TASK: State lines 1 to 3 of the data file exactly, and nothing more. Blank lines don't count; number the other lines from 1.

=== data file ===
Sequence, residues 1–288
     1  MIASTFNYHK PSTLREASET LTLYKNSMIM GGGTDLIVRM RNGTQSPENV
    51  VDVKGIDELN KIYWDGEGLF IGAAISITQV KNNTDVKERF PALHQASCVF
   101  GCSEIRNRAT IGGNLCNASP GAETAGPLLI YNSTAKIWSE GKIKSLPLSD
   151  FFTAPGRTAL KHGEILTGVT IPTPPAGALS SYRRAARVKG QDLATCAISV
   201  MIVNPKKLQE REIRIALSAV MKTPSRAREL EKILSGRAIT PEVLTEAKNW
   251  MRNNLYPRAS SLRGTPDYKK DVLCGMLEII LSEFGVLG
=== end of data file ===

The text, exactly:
Sequence, residues 1–288
     1  MIASTFNYHK PSTLREASET LTLYKNSMIM GGGTDLIVRM RNGTQSPENV
    51  VDVKGIDELN KIYWDGEGLF IGAAISITQV KNNTDVKERF PALHQASCVF